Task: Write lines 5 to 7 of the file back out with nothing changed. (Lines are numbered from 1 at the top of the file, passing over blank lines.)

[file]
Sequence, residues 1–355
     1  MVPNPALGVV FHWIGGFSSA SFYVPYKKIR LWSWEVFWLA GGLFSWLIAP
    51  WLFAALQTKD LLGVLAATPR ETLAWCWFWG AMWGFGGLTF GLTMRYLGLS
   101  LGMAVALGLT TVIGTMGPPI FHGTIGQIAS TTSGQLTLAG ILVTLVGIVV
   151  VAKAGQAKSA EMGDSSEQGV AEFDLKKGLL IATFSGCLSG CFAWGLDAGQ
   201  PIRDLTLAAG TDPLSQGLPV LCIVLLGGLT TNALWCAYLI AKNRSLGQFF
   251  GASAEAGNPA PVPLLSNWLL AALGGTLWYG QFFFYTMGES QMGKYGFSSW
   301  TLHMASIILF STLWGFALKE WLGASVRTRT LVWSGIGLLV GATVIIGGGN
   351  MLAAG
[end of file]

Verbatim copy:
   151  VAKAGQAKSA EMGDSSEQGV AEFDLKKGLL IATFSGCLSG CFAWGLDAGQ
   201  PIRDLTLAAG TDPLSQGLPV LCIVLLGGLT TNALWCAYLI AKNRSLGQFF
   251  GASAEAGNPA PVPLLSNWLL AALGGTLWYG QFFFYTMGES QMGKYGFSSW